BUFFALO, N.Y. (WIVB) — Bishop Timon-St. Jude’s basketball revival ascended over a long-standing obstacle and climbed the ladder to cut down the net in celebration of a triumph the school hasn’t attained in 22 years.
“I was just teasing the guys in the locker room that you weren’t even born,” coach Jason Rowe said after Timon won its first Manhattan Cup championship since 2001 on Sunday with a 72-57 win against Canisius in front of a near capacity crowd at Koessler Athletic Center.
“But more importantly we stress being part of history, being part of a legacy, being a part of something that is going to last forever,” continued Rowe, one of Western New York’s all-time great players who starred for Traditional before winning championships at Loyola University and overseas.
The Tigers won a Monsignor Martin B division championship in 2020 and reached the Manhattan Cup final last season, “but A has a different type of meaning,” said Rowe, now in his sixth year coaching, “it really and truly does.”
Timon canceled Monday’s classes to commemorate the long awaited championship, in which the Tigers avenged a blowout loss in last year’s title game and two regular season defeats against Canisius, ranked seventh in the state.
“It just feels amazing, all the hard work we’ve been doing former last year after we lost to come back and beat the same team that stomped on us,” said junior point guard Jaiden Harrison, who led Timon with 21 points. “I’m proud of my teammates. We came together as a unit.”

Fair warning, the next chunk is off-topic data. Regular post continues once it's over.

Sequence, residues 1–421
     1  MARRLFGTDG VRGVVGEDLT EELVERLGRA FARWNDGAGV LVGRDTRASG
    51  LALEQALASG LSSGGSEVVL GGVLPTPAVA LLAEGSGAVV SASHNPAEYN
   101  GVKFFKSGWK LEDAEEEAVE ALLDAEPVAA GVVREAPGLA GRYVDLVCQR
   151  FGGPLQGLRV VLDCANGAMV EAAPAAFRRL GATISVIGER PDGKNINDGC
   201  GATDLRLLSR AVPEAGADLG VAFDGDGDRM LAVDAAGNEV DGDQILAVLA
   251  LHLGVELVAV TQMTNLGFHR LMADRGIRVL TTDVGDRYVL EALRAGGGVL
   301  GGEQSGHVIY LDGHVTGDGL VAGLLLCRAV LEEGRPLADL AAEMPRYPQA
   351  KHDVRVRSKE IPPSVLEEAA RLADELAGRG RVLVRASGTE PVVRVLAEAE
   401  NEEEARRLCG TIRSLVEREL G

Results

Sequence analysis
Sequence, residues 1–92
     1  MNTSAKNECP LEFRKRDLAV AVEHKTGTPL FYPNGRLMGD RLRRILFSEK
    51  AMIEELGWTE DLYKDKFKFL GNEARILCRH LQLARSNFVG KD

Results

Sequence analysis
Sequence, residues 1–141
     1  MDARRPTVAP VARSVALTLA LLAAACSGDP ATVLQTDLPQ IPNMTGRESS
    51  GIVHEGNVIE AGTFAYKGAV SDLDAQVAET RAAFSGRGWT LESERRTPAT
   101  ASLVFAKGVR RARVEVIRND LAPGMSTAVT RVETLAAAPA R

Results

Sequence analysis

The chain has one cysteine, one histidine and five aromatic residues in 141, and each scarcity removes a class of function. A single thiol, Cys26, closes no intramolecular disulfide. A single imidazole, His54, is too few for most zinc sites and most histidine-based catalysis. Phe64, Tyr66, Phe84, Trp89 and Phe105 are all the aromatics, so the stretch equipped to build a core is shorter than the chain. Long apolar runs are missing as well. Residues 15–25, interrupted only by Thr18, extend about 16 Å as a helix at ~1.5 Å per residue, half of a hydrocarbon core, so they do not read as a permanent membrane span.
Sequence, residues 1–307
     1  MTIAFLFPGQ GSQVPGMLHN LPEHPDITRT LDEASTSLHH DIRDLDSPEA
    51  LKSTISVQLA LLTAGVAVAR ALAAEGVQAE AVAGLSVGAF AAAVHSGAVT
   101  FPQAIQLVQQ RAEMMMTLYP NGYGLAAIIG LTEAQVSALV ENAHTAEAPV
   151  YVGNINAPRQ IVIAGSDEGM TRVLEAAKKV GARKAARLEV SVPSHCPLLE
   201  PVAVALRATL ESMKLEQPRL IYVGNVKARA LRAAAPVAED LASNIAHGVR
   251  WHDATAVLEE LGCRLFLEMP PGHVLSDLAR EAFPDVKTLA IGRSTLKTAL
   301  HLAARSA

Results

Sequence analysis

Nakyhi Harris added 14 points, Malachi Parker had 11 and Jacob Humphrey chipped in nine, as Timon settled in after falling behind 11-2 early and dominated the second quarter to take a 41-24 lead at halftime. The Tigers controlled the game with a zone defense and their four standout guards thrived in transition on the big floor at Canisius College.
“We did a great job, especially that second quarter, defensively,” said Rowe, noting this wasn’t the first time Timon played zone but that compared to previous outings, “we just played it very well today. Guys were talking, guys were communicating, guys were rotating, guys were boxing out. We did an excellent job. We’ve done it before, but today was championship Sunday. Guys wanted to win.”
Timon moves on to the New York State Catholic semifinal on Saturday at Hilbert College.
Rowe wore the chopped net around his neck after the game. He recalled the last time he celebrated a championship in such fashion, playing in Italy more than a decade ago.
“But this one is different,” Rowe said. “It’s one thing as a player, but as a coach when you are in charge of leading young boys to men, it has a completely different meaning.”
Rowe also recognized what a proper Manhattan Cup championship means to the Timon faithful in South Buffalo.
“I’ve been getting phone calls since the buzzer went off, alumni coming after me,” Rowe said. “When I took over the job and Timon had these rumors of closing … it shows the perseverance of the program, of the alumni, the support, to keep it afloat and keep everything going.”
Jonah Bronstein joined the News 4 roster in 2022 as a digital sports reporter. Read more of his work here.